As for China, they are still polluting heavily, but I think it’s just a matter of years until they are the lead in every sector of renewable energy (Which the graphics actually all show) and will improve on their environmental care.

Has development aid had its time? (PART 2)



M. Leroy speaks about internationalizing, but he means cooperation (he doesn’t use it because it is already meaningful). He claims that we don’t have to learn a fisherman to fish but that we have to fish with him.  But I think that we already have to fish with him when we want to learn him how to fish? And secondly, the step of learning the fisherman how to fish isn’t finished yet! M. Leroy claims that the government has to support and guide the initiatives of individuals. But I think this could lead to more privatization of development aid/cooperation. The problem is that it is a part of the aid-industry in which one look too much to the input and not to the realizations (and also the ‘good jobs’ matter, see previous post).

M. Leroy pleads for a large social debate (not the one above*) about internationalization, this includes not only development cooperation but also trade, financial regulation, agriculture, human rights, democracy, etc. In the debate they talk about this bigger context but we won’t go any further into this matter of bigger context like. I agree that development is also about dignity, rights in social communities and political situation but we will keep our focus on primary needs and leave the bigger context to people who have more knowledge about these things.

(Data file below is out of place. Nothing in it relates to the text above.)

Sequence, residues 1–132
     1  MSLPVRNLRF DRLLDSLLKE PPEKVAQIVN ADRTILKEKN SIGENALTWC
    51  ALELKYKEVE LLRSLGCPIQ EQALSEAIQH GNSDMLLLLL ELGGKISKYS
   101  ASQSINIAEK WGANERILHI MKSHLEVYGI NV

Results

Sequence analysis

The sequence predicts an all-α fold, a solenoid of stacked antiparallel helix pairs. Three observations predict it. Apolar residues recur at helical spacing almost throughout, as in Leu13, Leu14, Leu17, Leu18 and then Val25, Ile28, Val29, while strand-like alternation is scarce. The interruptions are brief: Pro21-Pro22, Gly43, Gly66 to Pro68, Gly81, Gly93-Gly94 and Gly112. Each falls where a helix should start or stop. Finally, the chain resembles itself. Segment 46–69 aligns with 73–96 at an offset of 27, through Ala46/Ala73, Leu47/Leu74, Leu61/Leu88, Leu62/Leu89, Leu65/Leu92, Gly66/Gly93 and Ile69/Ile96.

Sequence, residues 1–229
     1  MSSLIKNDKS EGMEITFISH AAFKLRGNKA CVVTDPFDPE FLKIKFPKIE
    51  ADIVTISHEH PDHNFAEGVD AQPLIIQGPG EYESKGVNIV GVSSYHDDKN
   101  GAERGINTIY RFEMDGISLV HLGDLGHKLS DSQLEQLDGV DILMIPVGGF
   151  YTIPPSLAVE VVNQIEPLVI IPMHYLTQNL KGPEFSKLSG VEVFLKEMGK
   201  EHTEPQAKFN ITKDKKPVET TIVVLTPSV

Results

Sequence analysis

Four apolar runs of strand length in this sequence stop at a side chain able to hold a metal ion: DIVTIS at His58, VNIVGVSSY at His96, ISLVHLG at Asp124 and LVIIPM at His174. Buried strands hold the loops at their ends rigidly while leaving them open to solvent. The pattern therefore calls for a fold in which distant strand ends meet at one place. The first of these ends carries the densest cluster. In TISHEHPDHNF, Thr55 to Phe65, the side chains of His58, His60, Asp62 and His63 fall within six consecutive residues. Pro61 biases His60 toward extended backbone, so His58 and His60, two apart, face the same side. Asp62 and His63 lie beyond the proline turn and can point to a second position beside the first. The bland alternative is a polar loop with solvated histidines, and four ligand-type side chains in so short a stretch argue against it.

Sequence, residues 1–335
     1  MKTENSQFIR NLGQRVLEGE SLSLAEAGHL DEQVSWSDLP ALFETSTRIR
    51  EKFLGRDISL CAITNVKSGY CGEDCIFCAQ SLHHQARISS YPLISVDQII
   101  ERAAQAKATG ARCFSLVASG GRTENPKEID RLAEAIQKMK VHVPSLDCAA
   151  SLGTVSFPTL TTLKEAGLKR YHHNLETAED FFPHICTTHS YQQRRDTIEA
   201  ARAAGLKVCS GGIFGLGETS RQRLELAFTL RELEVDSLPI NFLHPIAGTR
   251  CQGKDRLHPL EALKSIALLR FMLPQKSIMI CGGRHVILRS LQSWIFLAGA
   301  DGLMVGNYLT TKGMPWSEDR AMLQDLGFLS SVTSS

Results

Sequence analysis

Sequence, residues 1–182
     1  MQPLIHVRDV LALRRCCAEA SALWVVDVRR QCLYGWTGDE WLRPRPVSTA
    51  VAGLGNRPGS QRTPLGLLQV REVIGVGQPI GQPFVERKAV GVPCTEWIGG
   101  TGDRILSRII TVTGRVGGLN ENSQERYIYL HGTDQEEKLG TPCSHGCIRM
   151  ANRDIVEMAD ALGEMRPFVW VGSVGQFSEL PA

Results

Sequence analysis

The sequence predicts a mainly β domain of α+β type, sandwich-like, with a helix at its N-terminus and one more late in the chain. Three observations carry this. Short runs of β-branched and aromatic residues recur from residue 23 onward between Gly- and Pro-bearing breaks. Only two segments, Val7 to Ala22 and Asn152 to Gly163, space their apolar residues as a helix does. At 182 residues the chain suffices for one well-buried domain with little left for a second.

“The goal of development is increasing the ability of people to live the live that they value themselves. Poverty is more than lacking material resources, it is lacking the ability. But actually it is not about development any more it is about working together (cooperation), exchanging en confrontation about needs.”

There are still a lot of people who lacking basic needs! So development will be still the most important goal, but M. Leroy means that the approach should be in the way described above. There are also a lot of things that have to be considered as well like human rights and world trade/economy, this can all be brought together under the term internationalization. One can have an opinion about all this matters but I think you should leave the discussion of the different  matters to the experts .